Fans Left Blue By Deaconís New Song
Edinburgh Evening Times 28th May 2001

But first we were treated to Welsh support band Murry The Hump. Frontman Matthew Evans put everything into his delivery, rattling out a set list of punchy tunes that sounded like a collision between Blur and Pulp. It was fast and furious stuff.

So that made it all the more surprising when Deacon Blue launched straight into their set with This Train, a pleasing enough track but not a patch on the old rocking anthems.

Another new and equally insipid track followed. The usual Deacon Blue hi-energy and big sound didnít stop it from being a frail start, but when the band launched into Raintown it was back to the full-blown melodic singalongs. The audience reacted as one, with everybody on their feet, singing every word. This was more like it.

However, it didnít last long, and the band gave us a couple of lacklustre tracks from Homesick which saw everybody back in their seats.

It was a bizarre situation. With tracks like A is for Astronaut - B is for boring it was clear that what was letting them down was neither the level of musicianship nor entertainment value, but the material which is weak to the point of being bland. Duff songwriting sat cheek by jowl with the classics.

While the old material has stood the test of time, with haunting melodies and lyrics dredged from the soul, the new songs have neither the energy nor the drive of what has gone before. It is, just run-of-the-mill commercial pap music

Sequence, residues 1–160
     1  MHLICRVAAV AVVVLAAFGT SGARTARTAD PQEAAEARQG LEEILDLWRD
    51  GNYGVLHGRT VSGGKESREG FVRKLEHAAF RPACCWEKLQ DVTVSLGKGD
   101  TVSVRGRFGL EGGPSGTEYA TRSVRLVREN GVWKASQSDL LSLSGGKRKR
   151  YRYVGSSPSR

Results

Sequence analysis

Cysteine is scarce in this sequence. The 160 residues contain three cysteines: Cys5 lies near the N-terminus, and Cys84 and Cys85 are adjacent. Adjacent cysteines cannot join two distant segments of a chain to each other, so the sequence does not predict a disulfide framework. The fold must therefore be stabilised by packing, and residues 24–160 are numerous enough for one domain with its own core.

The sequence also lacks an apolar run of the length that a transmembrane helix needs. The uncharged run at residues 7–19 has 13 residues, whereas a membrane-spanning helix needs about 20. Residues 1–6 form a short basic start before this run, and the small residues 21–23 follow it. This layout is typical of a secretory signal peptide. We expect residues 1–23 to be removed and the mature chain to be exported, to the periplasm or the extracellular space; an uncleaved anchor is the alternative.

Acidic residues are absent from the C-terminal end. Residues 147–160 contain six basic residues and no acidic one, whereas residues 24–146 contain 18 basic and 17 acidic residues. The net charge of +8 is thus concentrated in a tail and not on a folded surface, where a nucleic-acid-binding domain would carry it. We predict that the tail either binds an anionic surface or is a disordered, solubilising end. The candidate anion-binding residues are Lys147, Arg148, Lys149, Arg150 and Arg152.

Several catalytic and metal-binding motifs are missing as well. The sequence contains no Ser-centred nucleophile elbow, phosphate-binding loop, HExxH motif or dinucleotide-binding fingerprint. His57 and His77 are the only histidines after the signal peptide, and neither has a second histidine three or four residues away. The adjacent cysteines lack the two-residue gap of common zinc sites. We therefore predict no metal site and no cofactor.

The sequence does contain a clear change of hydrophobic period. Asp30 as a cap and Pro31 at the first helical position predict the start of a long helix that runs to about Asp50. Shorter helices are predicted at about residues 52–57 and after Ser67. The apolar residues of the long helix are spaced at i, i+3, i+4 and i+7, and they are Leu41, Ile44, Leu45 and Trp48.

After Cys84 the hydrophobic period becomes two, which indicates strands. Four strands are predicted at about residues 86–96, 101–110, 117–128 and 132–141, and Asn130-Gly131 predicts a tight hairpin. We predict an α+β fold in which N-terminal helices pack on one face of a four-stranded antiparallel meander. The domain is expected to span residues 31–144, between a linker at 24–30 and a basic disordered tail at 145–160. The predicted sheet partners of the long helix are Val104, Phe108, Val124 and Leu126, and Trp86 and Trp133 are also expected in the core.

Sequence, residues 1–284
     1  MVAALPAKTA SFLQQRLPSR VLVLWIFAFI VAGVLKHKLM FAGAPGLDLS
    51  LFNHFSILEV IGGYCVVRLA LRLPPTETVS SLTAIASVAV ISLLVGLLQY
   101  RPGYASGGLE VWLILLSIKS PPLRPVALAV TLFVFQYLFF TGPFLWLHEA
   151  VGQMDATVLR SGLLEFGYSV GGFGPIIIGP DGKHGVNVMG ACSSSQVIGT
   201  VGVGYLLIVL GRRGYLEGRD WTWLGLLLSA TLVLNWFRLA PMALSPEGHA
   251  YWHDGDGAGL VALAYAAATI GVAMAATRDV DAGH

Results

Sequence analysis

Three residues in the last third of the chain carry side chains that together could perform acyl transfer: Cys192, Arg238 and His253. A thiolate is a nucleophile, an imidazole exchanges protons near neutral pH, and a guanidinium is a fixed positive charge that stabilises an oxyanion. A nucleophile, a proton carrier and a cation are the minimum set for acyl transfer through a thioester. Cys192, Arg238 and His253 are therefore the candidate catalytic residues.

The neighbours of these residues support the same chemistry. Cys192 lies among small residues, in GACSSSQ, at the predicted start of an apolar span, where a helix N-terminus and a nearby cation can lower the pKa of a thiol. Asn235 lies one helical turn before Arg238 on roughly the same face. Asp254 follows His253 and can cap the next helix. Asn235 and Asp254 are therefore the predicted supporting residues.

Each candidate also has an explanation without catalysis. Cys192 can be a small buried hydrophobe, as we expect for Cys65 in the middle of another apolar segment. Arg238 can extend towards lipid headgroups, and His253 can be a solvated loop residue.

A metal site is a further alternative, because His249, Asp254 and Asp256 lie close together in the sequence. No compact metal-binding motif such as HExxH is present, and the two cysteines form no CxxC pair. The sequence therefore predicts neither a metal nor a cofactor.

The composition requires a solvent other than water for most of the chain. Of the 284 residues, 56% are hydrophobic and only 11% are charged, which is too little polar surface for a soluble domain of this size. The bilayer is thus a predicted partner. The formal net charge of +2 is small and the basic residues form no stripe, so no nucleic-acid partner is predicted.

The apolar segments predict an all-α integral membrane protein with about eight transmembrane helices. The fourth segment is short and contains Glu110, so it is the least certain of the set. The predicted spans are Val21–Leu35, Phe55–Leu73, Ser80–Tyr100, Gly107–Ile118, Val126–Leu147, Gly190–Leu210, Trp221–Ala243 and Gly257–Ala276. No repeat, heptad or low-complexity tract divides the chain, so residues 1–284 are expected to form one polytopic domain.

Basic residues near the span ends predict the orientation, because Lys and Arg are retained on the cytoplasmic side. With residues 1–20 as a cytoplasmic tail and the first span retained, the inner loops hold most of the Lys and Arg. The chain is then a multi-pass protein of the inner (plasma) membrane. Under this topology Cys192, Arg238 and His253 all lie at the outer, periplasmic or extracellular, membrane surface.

Still, there was enough good quality material in there to keep the audience happy. Real Gone Kid is a winner at parties and even better when delivered live. Itís also a spectacle to watch being performed.

Lorraine McIntosh bounced around banging her tambourine with gusto, while Ross perched on the edge of the stage, casting his hawk-like gaze over the audience and belting out the lyrics at full volume. There was some superb guitar work in there, while Dougie Vipond bashed the skins, grinning the whole time, obviously a man thoroughly enjoying himself.

When Will You (Make my Telephone Ring) had everybody swaying along, hands held aloft. And when the house lights were brought up during Dignity the audience managed to drown out the band with their singing. It was as though the Deacon Blue fun carnival had never been away.

Then, just when you thought you were off and running, the whole thing spluttered to a stop with another of the latest songs, the remarkably wishy-washy Every Time I Sleep.

The torpid melody was not helped by the choice of acoustic guitar and accordion as main instruments, though it shows Rossí voice off to the best. Another slow-burning number Love Hurts, dedicated to Rossí sister who was in the audience, saved the day.

Unfortunately, the gig was brought to a close with a downbeat number from the new album, the title track, Homesick. But what was needed was something that would have brought a more impassioned plea for an encore. Drew McAdam